Dan Mullen reacts to Urban Meyer-Zach Smith situation

Dan Mullen owes a lot of his career and his success to Urban Meyer but Meyer’s career is unraveling.

The former head coach of the Florida Gators and now Ohio State head coach was put on administrative leave Wednesday after a report surfaced (by Brett McMurphy) that Meyer knew about, ignored and possibly even helped sweep under the rug allegations that one of his assistant coaches was abusing his wife.

Allegations of the abuse started between Zach Smith and his then wife Courtney Smith began in 2009 at Florida. Courtney alleges that, while she was pregnant with their first child, Zach threw her against a wall and choked her. Meyer was made aware of that 2009 incident and told reporters that he and his wife Shelly sought to help the younger couple through counseling. Meyer kept Smith on staff and brought him to Ohio State when he became the Buckeyes head coach.

The domestic abuse continued there.

In an interview with former ESPN college football reporter Brett McMurphy Courtney produced pictures and screenshots of text messages with Shelley Meyer. Courtney couldn’t confirm if Shelley told Urban about the continued domestic violence but it is clear that at least one person in the Meyer home knew what was happening.

Meyer has a long history of a strong stance against violence towards women. It was painted on walls at Florida and it is now at Ohio State. It was a “zero tolerance” policy, but that didn’t apply to his coaching staff, apparently.

Meyer fired Smith last week after court documents from the Smith’s divorce became unsealed, releasing testimony detailing abuse over several years. Ohio State acted swiftly placing Meyer on paid administrative leave and naming Ryan Day as the interim head coach.

Mullen reached out to Meyer, who he is still very close with after hearing the news on Wednesday.

“I sent him a text last night just saying he and the family were in our prayers because I know we’ve been very close. I haven’t gotten to see a lot or research much. I’ve just seen a couple of the headlines here and there.”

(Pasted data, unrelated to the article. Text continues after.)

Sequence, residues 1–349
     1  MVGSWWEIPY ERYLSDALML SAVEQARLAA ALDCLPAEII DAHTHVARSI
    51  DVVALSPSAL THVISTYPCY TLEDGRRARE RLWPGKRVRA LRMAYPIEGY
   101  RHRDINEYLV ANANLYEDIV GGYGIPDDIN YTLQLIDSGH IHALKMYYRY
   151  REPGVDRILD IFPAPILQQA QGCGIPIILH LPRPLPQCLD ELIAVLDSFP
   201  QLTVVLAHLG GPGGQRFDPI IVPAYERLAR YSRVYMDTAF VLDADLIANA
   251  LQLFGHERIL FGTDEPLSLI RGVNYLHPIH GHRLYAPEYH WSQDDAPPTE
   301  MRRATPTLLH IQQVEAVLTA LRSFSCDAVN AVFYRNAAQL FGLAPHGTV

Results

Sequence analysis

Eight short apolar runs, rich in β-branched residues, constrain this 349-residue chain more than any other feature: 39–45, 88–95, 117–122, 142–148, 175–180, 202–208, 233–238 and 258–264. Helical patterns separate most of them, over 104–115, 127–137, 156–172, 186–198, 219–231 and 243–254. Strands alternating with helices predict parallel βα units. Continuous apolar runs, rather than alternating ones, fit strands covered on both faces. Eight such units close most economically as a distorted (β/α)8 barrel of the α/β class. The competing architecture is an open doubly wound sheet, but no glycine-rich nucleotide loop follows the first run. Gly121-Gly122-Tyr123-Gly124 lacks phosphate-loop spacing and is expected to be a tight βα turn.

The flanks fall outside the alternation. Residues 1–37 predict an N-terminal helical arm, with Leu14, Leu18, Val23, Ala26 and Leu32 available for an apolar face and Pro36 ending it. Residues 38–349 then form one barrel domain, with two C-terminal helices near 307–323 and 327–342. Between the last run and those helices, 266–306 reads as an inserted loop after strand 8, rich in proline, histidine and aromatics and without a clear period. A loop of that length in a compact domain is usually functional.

Mullen coached quarterbacks for Meyer at Bowling Green and Utah. He was the offensive coordinator and quarterbacks coach for both of Meyer’s National Championships at Florida before taking the head coaching job at Mississippi State.

Mullen, like Meyer, has a public “zero tolerance” policy for domestic violence.

“One of the things (domestic violence) is something that is a problem, something that has to be taken very seriously,” Mullen said Thursday at media day. “Not just in today’s world, should always be taken seriously, but I think it’s come more to the forefront in today’s world, become more of a public issue.”

Mullen hasn’t had the time to go through McMurphy’s report (linked above) but the evidence he laid out is damning and if Meyer knew about the abuse Courtney Smith was enduring and did nothing about it he should be fired. The evidence laid out already shows that Mullen’s friend and coaching mentor is a hypocrite and a liar. It’s put a black eye on Ohio State and Meyer’s incredible career.

Still, Mullen’s reaction that he was “sad for Urban” is understandable given their long history. You can be both sad for a friend and disagree with an action or choice they have made, those things are not mutually exclusive.

“I mean, people that your friends and you’re close with in friends, any time they’re dealing with a situation and the situation Urban is dealing with, it’s always hard, and you always keep them in your prayers,” Mullen said. “You hope things worked out the best for them because they’re people that have had influences on you throughout your life.”

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Nick de la Torre
A South Florida native, Nick developed a passion for all things sports at a very young age. His love for baseball was solidified when he saw Al Leiter’s no-hitter for the Marlins live in May of 1996. He was able to play baseball in college but quickly realized there isn’t much of a market for short, slow outfielders that hit around the Mendoza line. Wanting to continue with sports in some capacity he studied journalism at the University of Central Florida. Nick got his first start in the business as an intern for a website covering all things related to the NFL draft before spending two seasons covering the Florida football team at Bleacher Report. That job led him to GatorCountry. When he isn’t covering Gator sports, Nick enjoys hitting way too many shots on the golf course, attempting to keep up with his favorite t.v. shows and watching the Heat, Dolphins and Marlins. Follow him on twitter @NickdelatorreGC